Truck Accident Damages: How Much Can You Collect?
People often wonder how much they can get in truck accident damages. Every case is different, so there is no "one size fits all" approach to calculating damages in truck accident cases.
To determine your specific damages award, courts will examine a variety of factors.
Here are seven factors that can potentially shape the amount you can collect in a truck accident case:
- Medical bills. Arguably the most important of award considerations, a court will take into account bills and expenses for medical services such as doctors, hospital stays, emergency room treatment, ambulance fees, physical therapy, accessories (such as crutches), and in-home services. A plaintiff must show that the expenses resulted from his or her truck accident injury.
- Property damage. A court may factor in the extent of damage caused to your car and other property. Keep in mind that you will often need photographs or other types of evidence to prove of the extent of damage to your vehicle.
- Lost wages. These damages represent the amount of money a plaintiff would have earned from the time of the injury to the date of settlement or judgment. The court might also consider lost future earning capacity from the injury, depending on age, occupation, and other factors.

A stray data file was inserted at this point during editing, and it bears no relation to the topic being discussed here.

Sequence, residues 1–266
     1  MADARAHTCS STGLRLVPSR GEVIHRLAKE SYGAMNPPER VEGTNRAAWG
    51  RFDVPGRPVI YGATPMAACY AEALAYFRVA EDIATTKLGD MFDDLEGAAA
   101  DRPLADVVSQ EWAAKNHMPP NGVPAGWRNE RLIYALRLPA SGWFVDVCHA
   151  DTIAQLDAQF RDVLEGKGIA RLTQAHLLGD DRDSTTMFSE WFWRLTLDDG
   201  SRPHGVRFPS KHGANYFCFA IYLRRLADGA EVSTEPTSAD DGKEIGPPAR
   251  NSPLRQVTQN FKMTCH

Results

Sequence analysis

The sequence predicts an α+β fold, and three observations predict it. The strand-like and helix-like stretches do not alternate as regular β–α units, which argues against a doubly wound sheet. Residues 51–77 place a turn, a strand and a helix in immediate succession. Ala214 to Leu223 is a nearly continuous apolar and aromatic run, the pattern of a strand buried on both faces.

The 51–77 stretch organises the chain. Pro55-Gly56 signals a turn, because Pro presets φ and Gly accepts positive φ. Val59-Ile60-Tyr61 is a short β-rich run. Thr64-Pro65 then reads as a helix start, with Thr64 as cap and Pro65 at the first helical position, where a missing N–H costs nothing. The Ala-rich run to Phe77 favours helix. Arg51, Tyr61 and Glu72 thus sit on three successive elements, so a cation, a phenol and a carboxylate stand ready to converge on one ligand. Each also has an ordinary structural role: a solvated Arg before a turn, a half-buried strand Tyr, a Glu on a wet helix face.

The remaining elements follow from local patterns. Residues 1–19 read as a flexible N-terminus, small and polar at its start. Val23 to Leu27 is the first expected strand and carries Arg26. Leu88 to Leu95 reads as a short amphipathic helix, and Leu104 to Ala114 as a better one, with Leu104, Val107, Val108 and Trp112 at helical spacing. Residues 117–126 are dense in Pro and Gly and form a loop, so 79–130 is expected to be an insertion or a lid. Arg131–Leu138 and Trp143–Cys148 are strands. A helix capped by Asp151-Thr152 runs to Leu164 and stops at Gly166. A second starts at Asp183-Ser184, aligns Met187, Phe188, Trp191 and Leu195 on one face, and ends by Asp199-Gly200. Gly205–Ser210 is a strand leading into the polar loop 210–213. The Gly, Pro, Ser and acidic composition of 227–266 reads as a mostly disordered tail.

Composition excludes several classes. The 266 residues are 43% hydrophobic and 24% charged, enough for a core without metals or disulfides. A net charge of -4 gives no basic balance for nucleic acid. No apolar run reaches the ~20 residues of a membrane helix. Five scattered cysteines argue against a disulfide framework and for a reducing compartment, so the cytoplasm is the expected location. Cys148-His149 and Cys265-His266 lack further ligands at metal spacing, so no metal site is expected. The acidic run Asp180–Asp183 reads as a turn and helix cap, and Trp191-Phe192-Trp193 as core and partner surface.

- Pain and suffering. In some cases, a court will award damages for past, present, and future physical pain in connection with an accident or injury. To place a monetary value on pain and suffering, a court considers a variety of factors.
- Emotional distress. A court might consider emotional distress associated with a truck accident or injury, depending on many factors, including intensity, duration, related bodily harm, and underlying cause.
- Punitive damages. In particularly egregious cases, you may also be able to seek punitive damages, which are meant to punish a malicious defendant.
- Comparative/contributory negligence laws. The degree of your own fault can impact how much you collect in truck accident damages. Many states' comparative and contributory negligence laws can reduce or even bar damage awards depending on how much you are at fault.
An experienced truck accident attorney can help you determine how much your specific case is worth under your local laws, after performing a careful analysis of the case.